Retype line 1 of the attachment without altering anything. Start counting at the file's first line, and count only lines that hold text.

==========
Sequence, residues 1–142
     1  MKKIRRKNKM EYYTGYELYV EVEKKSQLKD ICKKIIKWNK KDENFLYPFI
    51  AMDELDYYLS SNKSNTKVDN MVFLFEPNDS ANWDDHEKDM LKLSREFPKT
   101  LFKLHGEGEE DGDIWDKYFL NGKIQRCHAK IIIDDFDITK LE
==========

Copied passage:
Sequence, residues 1–142